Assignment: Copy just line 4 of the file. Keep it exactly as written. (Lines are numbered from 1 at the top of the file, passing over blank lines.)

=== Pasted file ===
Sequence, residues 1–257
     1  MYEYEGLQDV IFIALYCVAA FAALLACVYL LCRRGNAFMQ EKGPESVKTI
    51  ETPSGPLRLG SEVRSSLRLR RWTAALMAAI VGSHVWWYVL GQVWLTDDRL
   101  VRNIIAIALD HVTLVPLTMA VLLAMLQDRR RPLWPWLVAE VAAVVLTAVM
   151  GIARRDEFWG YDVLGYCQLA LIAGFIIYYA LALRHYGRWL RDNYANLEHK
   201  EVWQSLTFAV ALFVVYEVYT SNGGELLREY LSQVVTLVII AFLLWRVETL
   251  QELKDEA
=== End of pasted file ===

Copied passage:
   101  VRNIIAIALD HVTLVPLTMA VLLAMLQDRR RPLWPWLVAE VAAVVLTAVM